Abdus Salam

From New World Encyclopedia

Abdus Salam


January 29, 1926
Santokdas, Sahiwal, Punjab, British India

Died November 21, 1996 (70)

Oxford, England, United Kingdom

Nationality Flag of Pakistan Pakistan
Field Physicist
Known for Electroweak theory
Notable prizes Nobel prize medal.svg Nobel Prize in Physics (1979)

Abdus Salam (Urdu: عبد السلام) (January 29, 1926 at Santokdas, Sahiwal in Punjab – November 21, 1996 in Oxford, England) was a Pakistani theoretical physicist who received the Nobel Prize in Physics in 1979 for his work in Electro-Weak Theory which is the mathematical and conceptual synthesis of the Electromagnetic and Weak interactions, the latest stage in the effort to provide a unified description of the four fundamental forces of nature. He holds the unique distinction of being the first Muslim Nobel Laureate as well as the first Pakistani Nobel Laureate. Salam, Sheldon Glashow and Steven Weinberg arrived at the theory independently and shared the prize. The validity of the theory was ascertained through experiments carried out at the Super Proton Synchrotron facility at CERN in Geneva, particularly, through the discovery of the W and Z Bosons.

During the early 1960s Salam played a very significant role in establishing the Pakistan Atomic Energy Commission (PAEC) - the atomic research agency of Pakistan and Space and Upper Atmosphere Research Commission (SUPARCO), the space research agency of Pakistan. He was also instrumental in setting up five Superior Science colleges throughout Pakistan to further the progress in science in the country. He was founder and Director of the International Centre for Theoretical Physics (ICTP), Trieste, Italy from 1964 to December 1993. Salam was a firm believer that "scientific thought is the common heritage of mankind," and that developing nations needed to help themselves and invest into their own scientists to boost development and fill the gap between the rich and the poor of the planet, thus contributing to a more peaceful world. Salam also founded the Third World Academy of Sciences (TWAS) and was instrumental in the creation of a number of international centers dedicated to the advancement of science and technology.

Youth and Education

As Miriam Lewis wrote in a biography submitted to the Nobel Foundation, "Abdus Salam was born in Jhang, a small town in what is now Pakistan.[1] His father was an official in the Department of Education in a poor farming district. His family has a long tradition of piety and learning."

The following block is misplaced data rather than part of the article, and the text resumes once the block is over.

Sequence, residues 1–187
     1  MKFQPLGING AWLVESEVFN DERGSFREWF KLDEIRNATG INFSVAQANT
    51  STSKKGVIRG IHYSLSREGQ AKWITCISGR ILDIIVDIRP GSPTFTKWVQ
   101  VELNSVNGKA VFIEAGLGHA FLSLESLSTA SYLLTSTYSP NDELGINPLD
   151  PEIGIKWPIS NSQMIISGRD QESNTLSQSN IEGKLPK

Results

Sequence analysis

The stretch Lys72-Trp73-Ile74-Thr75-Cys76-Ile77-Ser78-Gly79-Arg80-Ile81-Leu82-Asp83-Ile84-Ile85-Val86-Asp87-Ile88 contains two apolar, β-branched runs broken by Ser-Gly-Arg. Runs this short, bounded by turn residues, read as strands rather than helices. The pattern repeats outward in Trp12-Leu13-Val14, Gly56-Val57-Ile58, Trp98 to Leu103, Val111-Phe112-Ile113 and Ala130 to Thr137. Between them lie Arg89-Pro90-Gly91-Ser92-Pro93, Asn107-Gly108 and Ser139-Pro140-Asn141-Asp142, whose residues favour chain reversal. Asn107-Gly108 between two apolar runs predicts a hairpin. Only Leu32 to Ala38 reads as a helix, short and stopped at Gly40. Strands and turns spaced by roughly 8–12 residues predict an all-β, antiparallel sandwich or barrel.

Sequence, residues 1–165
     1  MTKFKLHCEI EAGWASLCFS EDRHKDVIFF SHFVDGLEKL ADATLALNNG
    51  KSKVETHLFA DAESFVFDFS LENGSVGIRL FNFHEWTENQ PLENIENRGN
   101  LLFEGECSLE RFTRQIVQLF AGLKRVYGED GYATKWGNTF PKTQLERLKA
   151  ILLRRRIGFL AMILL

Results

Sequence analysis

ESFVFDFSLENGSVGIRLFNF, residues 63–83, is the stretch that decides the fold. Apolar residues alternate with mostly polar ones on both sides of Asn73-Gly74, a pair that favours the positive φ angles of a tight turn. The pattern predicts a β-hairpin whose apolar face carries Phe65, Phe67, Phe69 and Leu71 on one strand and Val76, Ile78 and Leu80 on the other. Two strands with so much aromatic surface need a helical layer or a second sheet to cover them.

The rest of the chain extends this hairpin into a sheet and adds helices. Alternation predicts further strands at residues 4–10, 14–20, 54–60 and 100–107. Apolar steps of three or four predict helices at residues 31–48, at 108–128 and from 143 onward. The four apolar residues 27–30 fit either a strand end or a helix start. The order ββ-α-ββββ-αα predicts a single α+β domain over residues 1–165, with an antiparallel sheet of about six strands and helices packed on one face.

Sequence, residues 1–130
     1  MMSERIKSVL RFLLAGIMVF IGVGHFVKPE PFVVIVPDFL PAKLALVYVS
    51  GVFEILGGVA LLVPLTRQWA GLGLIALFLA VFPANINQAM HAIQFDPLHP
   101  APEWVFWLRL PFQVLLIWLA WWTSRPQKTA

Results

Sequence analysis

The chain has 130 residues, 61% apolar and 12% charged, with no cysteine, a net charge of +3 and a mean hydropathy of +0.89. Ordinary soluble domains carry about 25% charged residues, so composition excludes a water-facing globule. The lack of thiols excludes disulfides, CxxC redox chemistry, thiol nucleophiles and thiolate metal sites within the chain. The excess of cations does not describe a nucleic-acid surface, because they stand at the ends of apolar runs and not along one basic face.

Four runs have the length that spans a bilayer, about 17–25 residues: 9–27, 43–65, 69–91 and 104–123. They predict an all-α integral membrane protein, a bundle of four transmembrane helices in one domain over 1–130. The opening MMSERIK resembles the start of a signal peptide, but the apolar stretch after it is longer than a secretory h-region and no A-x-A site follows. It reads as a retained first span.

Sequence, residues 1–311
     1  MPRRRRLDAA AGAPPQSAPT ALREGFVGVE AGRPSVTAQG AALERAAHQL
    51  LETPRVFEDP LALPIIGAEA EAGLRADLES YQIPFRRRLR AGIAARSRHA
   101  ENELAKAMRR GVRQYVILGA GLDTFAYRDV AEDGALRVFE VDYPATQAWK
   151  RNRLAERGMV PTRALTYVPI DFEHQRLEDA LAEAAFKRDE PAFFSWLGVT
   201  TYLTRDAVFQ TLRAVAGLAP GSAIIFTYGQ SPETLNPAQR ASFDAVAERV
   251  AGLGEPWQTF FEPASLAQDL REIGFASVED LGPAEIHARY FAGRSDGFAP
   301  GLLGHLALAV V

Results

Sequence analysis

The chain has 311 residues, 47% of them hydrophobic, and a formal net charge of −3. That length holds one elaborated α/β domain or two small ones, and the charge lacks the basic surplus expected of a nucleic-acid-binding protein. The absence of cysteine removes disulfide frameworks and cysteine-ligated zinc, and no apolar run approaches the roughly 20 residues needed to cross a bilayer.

At the age of 14, he secured the highest marks ever recorded for the Matriculation Examination at the University of the Punjab. He won a scholarship to Government College, University of the Punjab, in Lahore. As a fourth-year student, he published his work on Srinivasa Ramanujan.[2]. He received his MA degree from Government College in 1946.

Though his prime subject of interest was Mathematics, most ambitious young men of India at his time entered Indian Civil Service (ICS) and Salam was expected to do the same. However, as the World War II was taking place at that time, the ICS froze their hiring process for that period, and Salam was allowed to go abroad. That same year, he went abroad on a scholarship, which took him to St. John's College, Cambridge University, where he took a BA (Honors) degree with a double First in Mathematics and Physics in 1949.

In 1950, he received the Smith's Prize from Cambridge University for the most outstanding pre-doctoral contribution to Physics. Salam was offered a fellowship at Trinity College, but rejected the invite only because his current college, Saint John’s, pleased him aesthetically, more than did Trinity College. Salam obtained a Ph.D. in Theoretical Physics at Cambridge. His doctoral thesis contained fundamental work in Quantum Electrodynamics. By the time it was published in 1951, it had already gained him an international reputation.[2] He then took a course in advanced physics, following the advice of cosmologist Fred Hoyle, who told him, “Otherwise, you will never be able to look an experimental physicist in the eye.”

Rather than just taking one course in physics, Salam became a research student in experimental physics at the Cavendish Laboratory of Cambridge University. But Salam was not one for the laboratory – as Nigel Calder from “A Man of Sciences – Abdus Salam” wrote in his article, “He would get bizarre results in his experiments and explain them by inventing a new theory.” Instead, his strengths lay in mathematics. Thus, his first major research done at Cambridge involved finding mathematical proof for whether or not an electron can have infinite electric charge, something that physicists Julian Schwinger, Richard Feynman, and Freeman Dyson had not provided in their reasoning.